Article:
Wednesday, February 24, 2010

Bob Abbett: An Illustrator You Should Know

Here's a crazy concept for a story: What if a black man became president of the United States? Oh, how absurd! But that's exactly what Irving Wallace proposed back in 1964 with his book, "The Man."

When I discovered this story in a recently acquired volume of Reader's Digest Condensed Books I couldn't resist including it this week. Not only because it just seemed too, too perfect that this should fall into my hands during Black History Month...

... but also because the artist assigned to illustrate this story was one you should definitely know: Bob Abbett.

Born in Hammond, Indiana in 1926, Bob Abbett worked primarily as an illustrator of paperback covers during the mid-century period. In one quote I found he said, "I did cover art for many paperbacks including Ballantine, movie posters and some story illustration for True, Argosy, etc." The gorgeous illustration below is perhaps more typical of the kind of subject matter fans of genre fiction know him for. That piece seems a little out of place in the company of all the other paintings Abbett did for "The Man," but boy is it ever wonderful!

Not to say all of the other pieces in this series aren't magnificent. Bob Abbett really managed to infuse his work with a gloriously rich palette of colours.

As you scroll through this selection of images, notice how deliberately and effectively he assigned each illustration its own unique colour scheme.

Yet viewed as a group, they all relate to each other in a harmonious manner. It must have been deeply satisfying for the artist when he completed the series and could prop them up in his studio and admire them en masse.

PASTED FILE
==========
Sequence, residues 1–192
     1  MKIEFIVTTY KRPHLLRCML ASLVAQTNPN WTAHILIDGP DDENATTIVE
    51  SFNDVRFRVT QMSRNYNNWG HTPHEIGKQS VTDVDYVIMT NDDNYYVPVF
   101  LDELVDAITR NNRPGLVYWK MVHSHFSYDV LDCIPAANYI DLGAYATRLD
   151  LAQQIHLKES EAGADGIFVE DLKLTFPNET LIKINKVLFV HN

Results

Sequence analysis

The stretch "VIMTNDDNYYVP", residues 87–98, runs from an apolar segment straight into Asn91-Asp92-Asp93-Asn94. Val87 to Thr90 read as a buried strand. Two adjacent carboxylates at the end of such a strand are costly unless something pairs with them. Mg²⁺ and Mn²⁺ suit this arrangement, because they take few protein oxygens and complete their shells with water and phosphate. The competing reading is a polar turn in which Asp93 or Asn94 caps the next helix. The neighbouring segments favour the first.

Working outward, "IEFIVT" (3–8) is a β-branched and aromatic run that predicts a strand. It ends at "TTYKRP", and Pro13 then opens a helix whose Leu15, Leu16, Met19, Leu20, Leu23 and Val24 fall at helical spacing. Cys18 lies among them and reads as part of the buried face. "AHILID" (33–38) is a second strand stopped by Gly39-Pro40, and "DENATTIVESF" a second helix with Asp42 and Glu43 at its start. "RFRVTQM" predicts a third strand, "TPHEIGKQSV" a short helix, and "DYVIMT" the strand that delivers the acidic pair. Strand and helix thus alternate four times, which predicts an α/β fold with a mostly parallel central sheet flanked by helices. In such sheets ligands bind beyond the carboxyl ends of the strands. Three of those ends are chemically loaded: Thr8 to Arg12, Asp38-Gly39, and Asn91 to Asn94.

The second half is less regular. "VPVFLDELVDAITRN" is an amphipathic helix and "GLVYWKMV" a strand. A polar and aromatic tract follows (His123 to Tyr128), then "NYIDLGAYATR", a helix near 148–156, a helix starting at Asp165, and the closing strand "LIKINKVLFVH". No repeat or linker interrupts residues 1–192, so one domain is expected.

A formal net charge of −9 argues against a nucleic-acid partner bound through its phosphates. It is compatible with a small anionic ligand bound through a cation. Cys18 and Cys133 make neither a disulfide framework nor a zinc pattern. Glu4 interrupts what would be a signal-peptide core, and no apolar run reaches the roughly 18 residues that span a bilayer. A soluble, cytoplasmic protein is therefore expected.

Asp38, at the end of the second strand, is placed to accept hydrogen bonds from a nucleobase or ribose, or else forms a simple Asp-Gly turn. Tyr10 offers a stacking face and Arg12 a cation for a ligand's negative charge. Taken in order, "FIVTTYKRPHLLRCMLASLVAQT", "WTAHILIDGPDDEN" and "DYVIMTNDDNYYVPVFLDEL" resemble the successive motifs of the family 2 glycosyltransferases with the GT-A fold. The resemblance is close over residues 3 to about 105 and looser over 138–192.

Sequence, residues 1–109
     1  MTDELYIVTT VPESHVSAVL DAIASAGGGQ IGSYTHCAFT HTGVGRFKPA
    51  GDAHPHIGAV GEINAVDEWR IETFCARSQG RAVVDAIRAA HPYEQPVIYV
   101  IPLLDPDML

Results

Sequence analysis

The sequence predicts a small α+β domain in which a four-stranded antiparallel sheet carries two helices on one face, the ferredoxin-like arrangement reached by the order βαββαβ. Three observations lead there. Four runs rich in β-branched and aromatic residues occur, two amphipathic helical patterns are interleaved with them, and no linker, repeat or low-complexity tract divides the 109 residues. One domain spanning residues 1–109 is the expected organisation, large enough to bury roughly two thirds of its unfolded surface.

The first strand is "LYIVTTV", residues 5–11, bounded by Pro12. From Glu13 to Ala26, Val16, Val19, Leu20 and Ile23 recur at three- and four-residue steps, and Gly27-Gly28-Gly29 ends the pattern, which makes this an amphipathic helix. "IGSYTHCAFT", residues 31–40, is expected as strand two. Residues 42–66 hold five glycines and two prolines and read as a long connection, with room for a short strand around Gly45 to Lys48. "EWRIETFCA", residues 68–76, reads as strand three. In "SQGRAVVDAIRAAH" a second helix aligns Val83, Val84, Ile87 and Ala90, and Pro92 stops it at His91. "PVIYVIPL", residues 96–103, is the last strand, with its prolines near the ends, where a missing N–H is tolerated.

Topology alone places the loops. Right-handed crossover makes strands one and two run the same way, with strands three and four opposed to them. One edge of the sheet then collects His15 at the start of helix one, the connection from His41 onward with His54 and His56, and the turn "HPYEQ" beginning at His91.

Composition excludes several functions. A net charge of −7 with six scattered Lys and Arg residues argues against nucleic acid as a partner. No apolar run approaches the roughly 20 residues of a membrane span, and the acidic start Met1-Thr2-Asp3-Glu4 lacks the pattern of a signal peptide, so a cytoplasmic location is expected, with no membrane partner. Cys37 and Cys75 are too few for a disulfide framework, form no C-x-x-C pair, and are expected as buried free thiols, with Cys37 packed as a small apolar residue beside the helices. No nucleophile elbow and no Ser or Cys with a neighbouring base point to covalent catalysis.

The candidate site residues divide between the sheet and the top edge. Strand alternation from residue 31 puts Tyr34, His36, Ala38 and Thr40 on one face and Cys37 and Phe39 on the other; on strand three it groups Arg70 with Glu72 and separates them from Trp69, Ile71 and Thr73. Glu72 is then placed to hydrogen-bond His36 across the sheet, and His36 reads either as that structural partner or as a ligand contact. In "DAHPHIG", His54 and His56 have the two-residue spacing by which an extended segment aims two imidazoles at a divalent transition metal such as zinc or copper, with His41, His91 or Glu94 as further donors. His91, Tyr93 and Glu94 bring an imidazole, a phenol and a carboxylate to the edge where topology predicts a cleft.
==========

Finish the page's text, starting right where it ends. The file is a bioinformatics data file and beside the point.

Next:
To be honest, I have not seen a lot of Abbett's work and am getting to know him only now myself. But one thing I find really engaging about his technique is how textural his colour is. It almost has the appearance of crumpled paper that was flattened out again, then painted on. The effect is so lively, and Abbett's use of colour so creative, that even an otherwise forbidding scene like the one below seems somehow deliciously inviting. (Go on, click the picture and enjoy the larger view)

Returning for a moment to the story portrayed... I didn't do much more than skim through bit and pieces of it while scanning Bob Abbett's illustrations, so I'm not in a position to offer an authoritative synopsis. But it did feel very weird to discover this piece of fiction while living at this time in history. What seems so normal in today's world is proposed in "The Man" back in 1964 as a possibility under only the most unbelievable of circumstances...

From the Wikipedia page on "The Man": "the Vice-Presidency is vacant, because of the incumbent's death. Then, while overseas, the President and the Speaker of the House suffer a freak accident; the President is killed, the Speaker of the House dies in surgery. The Presidency then corresponds to Douglass Dilman, the President Pro Tempore of the Senate, a black man earlier elected to that office in deference to racial tokenism."

"President Douglass Dilman's presidency is marked by white racists, black political activists, and an attempted assassination."

"Later, he is impeached on false charges for firing the United States Secretary of State."

"Moreover, racially, one of his children, "passing" for white, also is targeted and harassed."

*Whew!* The kicker was discovering that "The Man" was adapted into a film in 1972 with a screenplay written by Rod Serling -- as if to suggest that the story of an African American becoming President could only happen in the Twilight Zone!

Well, whatever artistic or historical merit "The Man" may (or may not) have, we are certainly fortunate that the editors at Reader's Digest saw in Bob Abbett a capable and inspired artist, one who could illustrate this story with dignity and acuity.

There is, of course, much more to the Bob Abbett story. You can discover it for yourself on his website.

* My Bob Abbett Flickr set.